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Hicks's detention straining Aust-US alliance: -

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Hicks's detention straining Aust-US alliance: McCallum

Broadcast: 07/03/2007

Reporter: Michael Edwards

The United States Ambassador to Australia, Robert McCallum, has justified the detention of
Guantanamo Bay detainee David Hicks, but admitted the issue has strained the US-Australia alliance.


TONY JONES: Well, the United States Ambassador to Australia says he can understand frustration over
delays to bring Guantanamo Bay inmate David Hicks to trial. In a speech in Sydney Robert McCallum
justified the continued detention of Mr Hicks but admitted the issue has placed strain on the
Australia-US alliance. Michael Edwards has this report.

MICHAEL EDWARDS: David Hicks is big news in Australia, but according to the US Ambassador his
prime-time coverage in America will come once his case goes before a Military Commission.

ROBERT McCALLUM, US AMBASSADOR: I anticipate that, once the Military Commission's proceedings
commence, it will be of tremendous interest in the United States.

MICHAEL EDWARDS: As ambassador, it is Robert McCallum's task to sell the brand of justice the
United States intends to give David Hicks. David Hicks has been in US custody since 2001 when he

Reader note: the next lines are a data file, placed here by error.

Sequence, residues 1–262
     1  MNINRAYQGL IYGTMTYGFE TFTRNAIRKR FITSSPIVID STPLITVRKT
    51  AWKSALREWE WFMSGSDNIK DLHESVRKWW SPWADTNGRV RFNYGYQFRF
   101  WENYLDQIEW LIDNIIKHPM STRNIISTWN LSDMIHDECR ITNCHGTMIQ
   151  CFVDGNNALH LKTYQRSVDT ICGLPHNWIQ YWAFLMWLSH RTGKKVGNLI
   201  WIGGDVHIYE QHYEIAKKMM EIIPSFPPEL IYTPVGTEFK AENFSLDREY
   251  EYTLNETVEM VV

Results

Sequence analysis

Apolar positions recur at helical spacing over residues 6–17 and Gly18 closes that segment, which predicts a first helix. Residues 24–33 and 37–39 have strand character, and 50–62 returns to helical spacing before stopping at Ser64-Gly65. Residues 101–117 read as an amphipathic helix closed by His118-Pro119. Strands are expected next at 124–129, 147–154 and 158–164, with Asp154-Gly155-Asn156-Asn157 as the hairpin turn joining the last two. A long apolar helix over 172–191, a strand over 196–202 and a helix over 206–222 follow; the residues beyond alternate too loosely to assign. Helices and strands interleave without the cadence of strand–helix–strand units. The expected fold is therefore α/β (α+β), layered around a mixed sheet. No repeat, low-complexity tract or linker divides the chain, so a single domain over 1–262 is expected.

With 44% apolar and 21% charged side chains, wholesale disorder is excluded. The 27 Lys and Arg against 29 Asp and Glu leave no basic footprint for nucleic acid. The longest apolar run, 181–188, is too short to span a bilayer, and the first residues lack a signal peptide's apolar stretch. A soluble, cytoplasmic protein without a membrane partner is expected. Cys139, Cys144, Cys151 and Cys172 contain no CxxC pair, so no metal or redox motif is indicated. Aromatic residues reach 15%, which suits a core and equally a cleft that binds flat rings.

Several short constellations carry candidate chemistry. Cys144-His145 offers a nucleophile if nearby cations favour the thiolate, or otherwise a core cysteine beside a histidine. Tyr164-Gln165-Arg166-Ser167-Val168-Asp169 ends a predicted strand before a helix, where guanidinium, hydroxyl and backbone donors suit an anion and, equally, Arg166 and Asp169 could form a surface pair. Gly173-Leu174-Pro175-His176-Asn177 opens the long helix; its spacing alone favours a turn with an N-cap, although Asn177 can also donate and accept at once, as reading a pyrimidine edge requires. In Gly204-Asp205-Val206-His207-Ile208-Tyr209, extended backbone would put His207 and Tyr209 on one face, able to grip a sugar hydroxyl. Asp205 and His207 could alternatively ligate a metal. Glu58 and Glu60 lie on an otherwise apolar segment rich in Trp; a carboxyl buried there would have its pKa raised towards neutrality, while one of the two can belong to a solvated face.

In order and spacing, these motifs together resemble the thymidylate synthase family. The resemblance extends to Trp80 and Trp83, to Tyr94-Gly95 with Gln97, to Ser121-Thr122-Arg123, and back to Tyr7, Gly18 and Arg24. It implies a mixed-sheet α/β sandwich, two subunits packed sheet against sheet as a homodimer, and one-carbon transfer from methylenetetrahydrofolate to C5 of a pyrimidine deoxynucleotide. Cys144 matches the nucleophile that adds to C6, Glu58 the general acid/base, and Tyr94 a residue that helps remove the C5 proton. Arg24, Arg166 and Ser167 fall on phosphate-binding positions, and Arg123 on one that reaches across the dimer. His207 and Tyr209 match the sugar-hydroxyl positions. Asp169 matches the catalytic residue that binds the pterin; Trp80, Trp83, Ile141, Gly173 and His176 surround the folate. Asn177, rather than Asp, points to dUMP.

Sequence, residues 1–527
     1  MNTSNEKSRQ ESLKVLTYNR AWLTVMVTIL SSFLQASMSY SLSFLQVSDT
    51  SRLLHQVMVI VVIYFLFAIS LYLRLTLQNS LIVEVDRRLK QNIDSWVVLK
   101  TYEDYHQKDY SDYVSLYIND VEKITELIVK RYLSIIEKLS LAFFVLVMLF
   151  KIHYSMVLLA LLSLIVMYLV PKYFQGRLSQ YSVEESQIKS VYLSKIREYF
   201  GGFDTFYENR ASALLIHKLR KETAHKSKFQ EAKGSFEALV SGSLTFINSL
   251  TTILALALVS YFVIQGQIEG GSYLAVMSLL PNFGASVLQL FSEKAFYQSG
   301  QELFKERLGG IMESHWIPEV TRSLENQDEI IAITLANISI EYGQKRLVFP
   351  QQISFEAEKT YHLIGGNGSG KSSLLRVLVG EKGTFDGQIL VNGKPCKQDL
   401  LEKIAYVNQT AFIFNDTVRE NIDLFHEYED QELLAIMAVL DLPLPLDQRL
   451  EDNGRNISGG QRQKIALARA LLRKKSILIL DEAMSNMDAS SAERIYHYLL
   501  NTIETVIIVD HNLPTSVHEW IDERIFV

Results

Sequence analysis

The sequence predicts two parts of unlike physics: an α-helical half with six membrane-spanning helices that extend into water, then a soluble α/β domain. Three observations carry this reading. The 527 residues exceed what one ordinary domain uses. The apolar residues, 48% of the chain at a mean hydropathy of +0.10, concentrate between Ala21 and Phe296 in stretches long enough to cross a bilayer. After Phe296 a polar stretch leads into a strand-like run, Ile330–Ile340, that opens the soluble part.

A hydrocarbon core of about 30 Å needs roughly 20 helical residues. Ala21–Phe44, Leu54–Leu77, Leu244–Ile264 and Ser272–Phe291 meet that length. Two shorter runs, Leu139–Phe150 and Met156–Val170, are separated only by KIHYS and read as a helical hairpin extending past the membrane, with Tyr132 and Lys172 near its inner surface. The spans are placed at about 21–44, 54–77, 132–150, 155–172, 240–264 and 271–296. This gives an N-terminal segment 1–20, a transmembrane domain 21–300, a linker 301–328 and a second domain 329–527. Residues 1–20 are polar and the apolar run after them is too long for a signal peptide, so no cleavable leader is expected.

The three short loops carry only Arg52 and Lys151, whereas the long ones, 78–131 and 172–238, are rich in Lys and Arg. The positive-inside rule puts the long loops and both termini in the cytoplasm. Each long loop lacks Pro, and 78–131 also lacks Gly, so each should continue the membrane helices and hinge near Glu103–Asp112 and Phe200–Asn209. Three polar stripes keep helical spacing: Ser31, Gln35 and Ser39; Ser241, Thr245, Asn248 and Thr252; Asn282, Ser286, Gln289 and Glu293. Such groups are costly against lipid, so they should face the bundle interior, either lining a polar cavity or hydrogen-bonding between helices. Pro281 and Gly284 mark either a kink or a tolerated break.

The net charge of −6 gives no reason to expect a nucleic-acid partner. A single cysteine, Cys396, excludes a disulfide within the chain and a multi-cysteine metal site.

was captured with the Taliban in Afghanistan. Ambassador McCallum is the first point of call when
the Australian Government wants the US to know it is getting increasingly angry about Mr Hicks's

ROBERT McCALLUM: Australians are understandably angry and distraught by the delay.

MICHAEL EDWARDS: Ambassador McCallum says he shares this sentiment.

ROBERT McCALLUM: We all wish the legal process would move faster, but the executive branch cannot -
under our system or yours, but particularly under our system with checks and balances and the
division of power - the executive branch cannot dictate the schedule or the actions of the
legislative branch or the judicial branch.

MICHAEL EDWARDS: But he also seems well aware that this explanation is wearing thin in Australia.

ROBERT McCALLUM: You can say in general terms at any time there is a matter of irritation between
governments, on whatever it is, it is something that you would like to resolve and we are
proceeding to resolve it as expeditiously as we can.

MICHAEL EDWARDS: Tonight Robert McCallum gave a detailed justification both for David Hicks's
continued detention and the Military Commission system under which he will be tried. He says that
David Hicks's detention is justified for security reasons and under US law.

ROBERT McCALLUM: These procedures are intended to ensure that no person is detained unless he is in
fact an enemy combatant, and that no enemy combatant is held any longer than is absolutely

MICHAEL EDWARDS: Ambassador McCallum guarantees that Mr Hicks will continue to receive strong legal
representation. He even gave qualified praise to his military lawyer Major Michael Mori.

ROBERT McCALLUM: As a lawyer and American citizen, I'm extraordinarily proud of Major Mori. I do
not agree with things that Major Mori says, but I'm a recovering lawyer, I come from that ilk.

MICHAEL EDWARDS: David Hicks is set to appear at a preliminary hearing of the Military Commission
later this month.